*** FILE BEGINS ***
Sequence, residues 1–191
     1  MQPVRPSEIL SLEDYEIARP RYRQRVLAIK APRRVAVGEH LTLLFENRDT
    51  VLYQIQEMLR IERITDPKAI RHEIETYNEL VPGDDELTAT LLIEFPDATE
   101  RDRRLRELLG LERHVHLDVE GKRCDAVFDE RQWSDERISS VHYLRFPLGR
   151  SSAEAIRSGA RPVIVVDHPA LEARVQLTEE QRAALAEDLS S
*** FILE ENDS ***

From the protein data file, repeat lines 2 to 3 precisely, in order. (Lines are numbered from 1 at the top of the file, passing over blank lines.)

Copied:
     1  MQPVRPSEIL SLEDYEIARP RYRQRVLAIK APRRVAVGEH LTLLFENRDT
    51  VLYQIQEMLR IERITDPKAI RHEIETYNEL VPGDDELTAT LLIEFPDATE